What Is Momentary Muscular Failure And What Does It Look Like?


I wanted to take a moment to delve deeper into the concept of training to Momentary Muscular Failure (MMF) or, if you prefer, Fatigue, which we discussed in our recent posts about “The Primary Objective of Exercise” and Breaking Through Plateaus.”

Firstly, it’s important to clarify that while training to MMF is a valuable approach, our main goal is to stimulate your muscles effectively and efficiently, rather than solely focusing on reaching MMF. Our aim is to provide you with the tools to improve safely and optimize your training outcomes.

One key principle we emphasize is “Progressive Overload,” applying this principle may enable you to make progress in your training for a considerable time without necessarily reaching true MMF. However, as you continue to advance, training to your limit or MMF may become necessary to sustain progress.

In simple terms, MMF refers to temporarily weakening the targeted muscles during exercise—a scientific term called “Inroading.” While it is natural for us to avoid this state of fatigue, considering our protective instincts, understanding the benefits from a scientific perspective empowers us to willingly create the necessary stimulus.

From an evolutionary biology standpoint, reaching a state of deep muscular fatigue or weakness was considered dangerous for our survival. If, for instance, you were being chased by a tiger and your legs became too fatigued to continue running, your chances of survival would diminish. However, if you were fatigued but still capable of reaching safety, your body would recognize the danger and allocate resources to build stronger legs, enhancing your likelihood of surviving future dangerous situations. Although it is against our nature to embrace fatigue during exercise, comprehending the scientific rationale behind it helps us intentionally create the required stimulus, despite our protective instincts.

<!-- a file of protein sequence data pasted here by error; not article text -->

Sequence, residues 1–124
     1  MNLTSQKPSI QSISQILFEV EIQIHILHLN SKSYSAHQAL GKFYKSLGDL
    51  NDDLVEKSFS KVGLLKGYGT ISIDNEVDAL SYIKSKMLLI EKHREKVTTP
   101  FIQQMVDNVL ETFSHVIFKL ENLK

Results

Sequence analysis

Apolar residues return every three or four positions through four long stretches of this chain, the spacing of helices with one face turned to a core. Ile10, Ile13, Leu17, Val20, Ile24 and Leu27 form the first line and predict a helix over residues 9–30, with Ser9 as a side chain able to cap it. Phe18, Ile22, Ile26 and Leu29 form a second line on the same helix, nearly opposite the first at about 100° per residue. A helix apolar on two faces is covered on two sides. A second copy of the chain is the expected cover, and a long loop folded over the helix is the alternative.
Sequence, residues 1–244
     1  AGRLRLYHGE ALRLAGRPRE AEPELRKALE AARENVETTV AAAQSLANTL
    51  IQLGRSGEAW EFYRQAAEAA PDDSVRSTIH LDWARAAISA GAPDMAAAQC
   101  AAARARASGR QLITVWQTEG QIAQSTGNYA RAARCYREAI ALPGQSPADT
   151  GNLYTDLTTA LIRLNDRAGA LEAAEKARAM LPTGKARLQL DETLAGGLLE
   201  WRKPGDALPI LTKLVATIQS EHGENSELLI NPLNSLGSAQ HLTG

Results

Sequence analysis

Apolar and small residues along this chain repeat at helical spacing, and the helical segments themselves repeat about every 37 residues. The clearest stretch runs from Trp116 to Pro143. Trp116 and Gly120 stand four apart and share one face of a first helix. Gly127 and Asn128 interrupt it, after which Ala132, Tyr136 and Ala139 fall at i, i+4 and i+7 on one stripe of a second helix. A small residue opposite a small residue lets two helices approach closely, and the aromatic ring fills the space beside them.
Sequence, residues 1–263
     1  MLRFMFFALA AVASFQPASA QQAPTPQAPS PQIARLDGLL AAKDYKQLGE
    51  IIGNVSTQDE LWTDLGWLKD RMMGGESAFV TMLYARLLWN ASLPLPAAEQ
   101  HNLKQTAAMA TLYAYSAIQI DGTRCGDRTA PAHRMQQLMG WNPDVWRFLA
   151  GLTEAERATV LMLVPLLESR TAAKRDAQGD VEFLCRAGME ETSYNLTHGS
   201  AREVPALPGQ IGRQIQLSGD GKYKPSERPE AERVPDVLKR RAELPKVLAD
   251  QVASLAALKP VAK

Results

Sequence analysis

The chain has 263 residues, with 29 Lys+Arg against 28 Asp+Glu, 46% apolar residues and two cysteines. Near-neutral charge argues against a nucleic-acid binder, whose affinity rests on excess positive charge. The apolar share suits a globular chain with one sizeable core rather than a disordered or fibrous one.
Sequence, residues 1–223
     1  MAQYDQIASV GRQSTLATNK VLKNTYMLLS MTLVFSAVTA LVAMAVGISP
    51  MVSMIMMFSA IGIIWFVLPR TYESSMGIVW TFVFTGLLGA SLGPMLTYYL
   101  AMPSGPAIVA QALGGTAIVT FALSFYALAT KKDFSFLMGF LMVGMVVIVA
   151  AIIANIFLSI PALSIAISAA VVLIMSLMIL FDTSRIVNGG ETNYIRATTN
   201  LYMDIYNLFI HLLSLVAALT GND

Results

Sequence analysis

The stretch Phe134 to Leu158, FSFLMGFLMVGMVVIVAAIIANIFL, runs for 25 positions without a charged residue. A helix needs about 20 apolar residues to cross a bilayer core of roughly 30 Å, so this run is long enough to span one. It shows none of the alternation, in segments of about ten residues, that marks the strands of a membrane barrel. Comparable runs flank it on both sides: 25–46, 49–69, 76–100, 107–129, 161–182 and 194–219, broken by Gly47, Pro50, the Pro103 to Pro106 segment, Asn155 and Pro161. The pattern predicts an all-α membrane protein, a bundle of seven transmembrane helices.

From a scientific perspective training to MMF optimizes motor unit recruitment by engaging both slow and fast twitch muscle fibers. By employing slow and controlled movements, you can recruit these motor units safely and efficiently. The higher threshold fibers, which have a greater potential for muscle hypertrophy and strength development, are typically activated in the later stages of a set taken to MMF. Therefore, stopping short of MMF may result in suboptimal training stimulus.